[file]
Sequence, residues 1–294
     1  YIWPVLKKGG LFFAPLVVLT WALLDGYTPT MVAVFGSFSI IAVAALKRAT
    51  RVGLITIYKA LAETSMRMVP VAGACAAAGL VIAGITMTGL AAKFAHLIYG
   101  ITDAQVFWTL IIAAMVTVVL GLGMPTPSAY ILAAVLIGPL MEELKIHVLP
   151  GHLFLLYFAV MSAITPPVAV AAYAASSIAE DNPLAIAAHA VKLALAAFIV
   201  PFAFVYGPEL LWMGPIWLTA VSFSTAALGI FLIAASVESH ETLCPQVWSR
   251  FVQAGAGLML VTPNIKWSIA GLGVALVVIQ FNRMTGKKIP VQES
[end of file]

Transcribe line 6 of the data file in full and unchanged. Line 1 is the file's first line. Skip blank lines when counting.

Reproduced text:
   201  PFAFVYGPEL LWMGPIWLTA VSFSTAALGI FLIAASVESH ETLCPQVWSR